Marinette County Fair Starts Thursday, Aug. 24
The Marinette County Fair Grounds in Wausaukee will spring to life for its big annual 4-day event on Thursday, Aug. 24. Each year the Fair draws about 30,000 visitors to Wausaukee.
Buildings open at 9 a.m. daily and remain open until 10 p.m. Open fair entries will be accepted from 11 a.m. to 5 p.m. on Thursday, Aug. 24, and face to face judging runs from 11 a.m. to 7 p.m. on Thursday.
Carnival rides will start at 2 p.m. on Thursday and Friday, and noon on Saturday and Sunday. They are to run until 10 p.m. on Thursday, Friday, and Saturday and 4 p.m. on Sunday.
Fair royalty will be crowned at 5:30 p.m. on Thursday. Candidates are Lindsey Michalski,14, daughter of Rodney and Linda Michalski of Crivitz and Alexis Witak, daughter of Lisa Witak of Grover. One will be named queen and the other will be a princess.
Other highlights on Thursday include Nick's Kids Show at 5:30 p.m., 6:30 p.m. and 8 p.m. Lawnmower Pulls start at 7 p.m., and Concert Sound DJ will provide music in the pavilion from 7 to 11 p.m.
Live music, food and beverage stands, contests, demonstrations, contests and entertainments for children and adults will be going on through all four days of the Fair.
Full schedule of events and prices for this year's Fair can be found on Page B-10 of today's Peshtigo Times.
UWEX Agent Scott Reuss said Marinette County Extension personnel will have displays on each of their four program areas set up in the east wing of the main commercial exhibit building this year. Among focuses will be safe outdoor food, and tailgating and school lunch ideas. The Beekeeper's Association will have a live hive on display.
Marinette County Fair Association members have been busy for the past few weeks getting ready for the Fair, particularly Fair Board President David Gross. This year they have the use of several brand new golf carts to make their lives easier when the Fair is in progress.
Gross said the Marinette County Fair in Wausaukee started in 1928, at about the time the first county Extension agent, Charles Drewry, was hired. It had been held in conjunction with the Dickinson County Fair in Iron Mountain, Mich. for the two years prior to that. Wausaukee was selected as the site of the fair because of its central location in Marinette County.
The existing fairgrounds at one time had been a farm owned by Emile Jicha. Prominent Wausaukee businessman H.G. Laun was the first Fair Association president. He had donated a large property to Marinette County to help make the fair possible. Other early officers were Lew Holmes, vice president; Drewry, secretary, and Knute Anderson, treasurer. Other directors were Alex Cretton of Niagara; H. B. Sanderson, Loomis; C. A. Webster, Wausaukee; George D'Amour, Goodman, and August Meshop, Coleman. Others, including Chris Patterson of Niagara, Julia Ramsay of Harmony, and Fred Forst of Wausaukee were long time workers for the fair.
There were no buildings for livestock in the first years, only a few pens and tents for animals. For the first fair, F. E. Mitchell of Wausaukee had to go all the way to Madison for tents. The Wausaukee Recreation Building, where Evergreen Plaza is today, was used to exhibit vegetables, foods, clothing and handicraft. Bowling alleys in the Rec Center were planked over for additional space.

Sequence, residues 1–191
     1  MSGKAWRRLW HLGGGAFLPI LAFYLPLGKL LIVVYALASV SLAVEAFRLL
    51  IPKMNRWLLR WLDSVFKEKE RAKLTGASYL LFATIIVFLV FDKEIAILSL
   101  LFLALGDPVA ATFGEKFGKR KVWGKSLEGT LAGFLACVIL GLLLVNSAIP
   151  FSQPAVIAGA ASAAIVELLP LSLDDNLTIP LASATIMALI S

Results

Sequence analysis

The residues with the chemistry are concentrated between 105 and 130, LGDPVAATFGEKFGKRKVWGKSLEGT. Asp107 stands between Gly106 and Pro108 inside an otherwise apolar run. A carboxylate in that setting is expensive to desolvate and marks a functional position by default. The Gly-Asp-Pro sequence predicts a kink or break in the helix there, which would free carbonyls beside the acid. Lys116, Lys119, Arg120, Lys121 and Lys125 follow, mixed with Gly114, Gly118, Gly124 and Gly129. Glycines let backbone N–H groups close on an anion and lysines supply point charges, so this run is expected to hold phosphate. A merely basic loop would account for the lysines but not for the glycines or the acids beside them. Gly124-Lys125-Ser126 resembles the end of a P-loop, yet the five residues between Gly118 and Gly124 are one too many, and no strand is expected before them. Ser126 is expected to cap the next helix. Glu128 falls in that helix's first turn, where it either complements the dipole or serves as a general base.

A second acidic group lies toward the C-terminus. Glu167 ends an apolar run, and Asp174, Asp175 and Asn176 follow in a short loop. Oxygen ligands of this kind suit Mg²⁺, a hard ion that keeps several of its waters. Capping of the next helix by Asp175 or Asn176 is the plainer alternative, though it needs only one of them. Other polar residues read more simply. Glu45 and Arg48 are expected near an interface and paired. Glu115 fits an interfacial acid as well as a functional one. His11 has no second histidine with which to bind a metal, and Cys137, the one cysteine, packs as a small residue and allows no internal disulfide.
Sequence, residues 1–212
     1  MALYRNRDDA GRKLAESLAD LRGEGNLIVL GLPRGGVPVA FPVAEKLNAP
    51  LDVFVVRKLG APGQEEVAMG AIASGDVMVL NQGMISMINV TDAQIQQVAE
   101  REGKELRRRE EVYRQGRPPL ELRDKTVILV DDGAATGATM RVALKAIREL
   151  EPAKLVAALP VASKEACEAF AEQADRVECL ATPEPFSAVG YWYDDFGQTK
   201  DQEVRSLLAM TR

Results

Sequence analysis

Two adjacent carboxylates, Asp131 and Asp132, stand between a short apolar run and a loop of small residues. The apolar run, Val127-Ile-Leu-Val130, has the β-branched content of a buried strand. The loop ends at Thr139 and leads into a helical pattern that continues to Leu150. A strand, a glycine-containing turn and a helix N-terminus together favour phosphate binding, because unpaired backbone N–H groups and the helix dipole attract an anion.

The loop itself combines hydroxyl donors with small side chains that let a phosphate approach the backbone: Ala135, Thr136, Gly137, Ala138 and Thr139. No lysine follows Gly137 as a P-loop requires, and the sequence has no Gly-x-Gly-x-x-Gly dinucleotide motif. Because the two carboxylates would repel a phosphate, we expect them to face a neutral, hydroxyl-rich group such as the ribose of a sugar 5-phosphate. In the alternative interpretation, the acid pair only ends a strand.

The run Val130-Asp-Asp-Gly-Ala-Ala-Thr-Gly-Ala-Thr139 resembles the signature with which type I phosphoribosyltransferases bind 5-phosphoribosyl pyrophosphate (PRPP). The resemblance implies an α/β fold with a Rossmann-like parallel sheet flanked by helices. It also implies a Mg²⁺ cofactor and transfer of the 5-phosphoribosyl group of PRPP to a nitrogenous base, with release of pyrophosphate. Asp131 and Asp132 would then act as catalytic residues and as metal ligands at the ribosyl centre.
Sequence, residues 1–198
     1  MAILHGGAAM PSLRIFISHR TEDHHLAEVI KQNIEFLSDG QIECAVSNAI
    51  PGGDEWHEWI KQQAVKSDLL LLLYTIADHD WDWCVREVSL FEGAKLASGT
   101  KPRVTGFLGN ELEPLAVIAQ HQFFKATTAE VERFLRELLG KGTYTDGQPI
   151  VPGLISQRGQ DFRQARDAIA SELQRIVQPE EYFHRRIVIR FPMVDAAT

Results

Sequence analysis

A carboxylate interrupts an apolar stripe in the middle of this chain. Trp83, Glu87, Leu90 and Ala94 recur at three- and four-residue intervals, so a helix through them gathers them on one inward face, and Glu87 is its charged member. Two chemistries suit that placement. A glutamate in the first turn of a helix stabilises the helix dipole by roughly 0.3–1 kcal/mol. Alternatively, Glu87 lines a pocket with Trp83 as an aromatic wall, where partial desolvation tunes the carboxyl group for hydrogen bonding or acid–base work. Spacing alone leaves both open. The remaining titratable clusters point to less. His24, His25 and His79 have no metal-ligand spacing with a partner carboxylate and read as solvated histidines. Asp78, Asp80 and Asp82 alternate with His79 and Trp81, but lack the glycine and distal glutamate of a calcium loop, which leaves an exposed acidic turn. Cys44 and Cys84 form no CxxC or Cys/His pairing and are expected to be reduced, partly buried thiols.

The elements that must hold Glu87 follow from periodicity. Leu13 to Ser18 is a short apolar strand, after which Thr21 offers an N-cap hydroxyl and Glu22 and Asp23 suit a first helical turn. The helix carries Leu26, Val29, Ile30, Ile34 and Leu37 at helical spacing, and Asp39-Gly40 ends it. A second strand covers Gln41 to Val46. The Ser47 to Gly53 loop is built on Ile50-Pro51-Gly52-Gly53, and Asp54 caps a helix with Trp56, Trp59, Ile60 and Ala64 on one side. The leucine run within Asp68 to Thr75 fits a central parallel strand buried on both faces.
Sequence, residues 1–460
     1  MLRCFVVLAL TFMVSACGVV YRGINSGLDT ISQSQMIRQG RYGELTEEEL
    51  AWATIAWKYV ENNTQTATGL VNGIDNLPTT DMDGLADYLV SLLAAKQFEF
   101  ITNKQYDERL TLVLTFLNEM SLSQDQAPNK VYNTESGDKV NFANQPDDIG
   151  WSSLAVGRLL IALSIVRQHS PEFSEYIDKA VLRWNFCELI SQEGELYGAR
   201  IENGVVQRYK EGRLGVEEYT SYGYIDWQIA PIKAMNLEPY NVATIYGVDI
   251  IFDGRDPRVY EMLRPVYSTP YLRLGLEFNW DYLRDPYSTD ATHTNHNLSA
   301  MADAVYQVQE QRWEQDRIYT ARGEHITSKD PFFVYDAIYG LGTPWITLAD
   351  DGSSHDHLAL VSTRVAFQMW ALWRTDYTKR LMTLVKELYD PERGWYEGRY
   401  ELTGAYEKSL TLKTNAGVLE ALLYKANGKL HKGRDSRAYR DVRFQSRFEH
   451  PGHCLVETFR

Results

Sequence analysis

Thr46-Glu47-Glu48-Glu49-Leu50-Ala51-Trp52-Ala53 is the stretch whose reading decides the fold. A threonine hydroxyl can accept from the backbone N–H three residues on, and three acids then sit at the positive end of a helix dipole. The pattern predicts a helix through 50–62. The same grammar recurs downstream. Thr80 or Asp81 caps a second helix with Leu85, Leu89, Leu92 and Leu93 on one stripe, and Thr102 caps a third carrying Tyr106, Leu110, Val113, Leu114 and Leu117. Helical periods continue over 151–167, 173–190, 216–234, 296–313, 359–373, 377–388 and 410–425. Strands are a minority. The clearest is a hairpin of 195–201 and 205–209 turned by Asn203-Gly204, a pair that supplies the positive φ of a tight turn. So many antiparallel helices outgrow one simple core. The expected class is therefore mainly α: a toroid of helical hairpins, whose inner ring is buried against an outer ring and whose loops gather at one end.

During WPA days, the old Jicha farm buildings were torn down and replaced with the present main structure used for exhibits. This was done under direction of Carl Schroeder of Wausaukee, who remained president of the Fair Board and was associated with it for over 33 years.
Old records indicate in 1931 the adult exhibit entries were very large, but during more recent years 4-H and youth exhibits have dominated. "Without the youth there would not be much need for a Fair," Gross commented. Over the years the Fair has remained primarily as an educational activity, and predictions it will continue serving that purpose into the foreseeable future.
There was some doubt if the 1940 Fair should be held due to concern over the polio epidemic. It was recommended that no one under age 16 should attend.
However, in 1940 the main building and a couple of food booths were constructed, as well as a historical building and the 4-H building. Work was done this year to replace a portion of the floor in the main building.
Victor Quick became county agent after Drewry. During his 10-year tenure Quick was able to get the Fair operating in the black. Harold King replaced him in 1960 and remained Fair Association secretary for many years.
In 1962 the Fair switched from a three day event to four days, which provided more time or getting livestock to the Fair and showing them.
Over the years other improvements were made in the Fair grounds and the buildings on it, including the large grandstand, pavilion, modern rest rooms, paved walkways, and last year a brand new cattle barn, thanks to the generosity of various donors who contributed much of the time, equipment and materials needed for the building.
Marinette County continues to provide minimal economic support for the Fair, and aids in maintenance of Fair property.
Persons who love going to the fair, or have some fond or funny memories associated with it may want to put on their thinking caps and pick up their pens - or computer keyboards, as the case may be. The Wisconsin Fair Association is sponsoring a Fair Story Contest again this year. Details can be found on their web site as of Sept. 5.
Entries are to be 200 to 400 words, and must include the name of the fair they remember. The four district winners will each get a $50 value prize, grand prize winner will get a $250 prize ad a plaque, and runner-up will receive a $50 prize. Entry deadline is Nov. 1.
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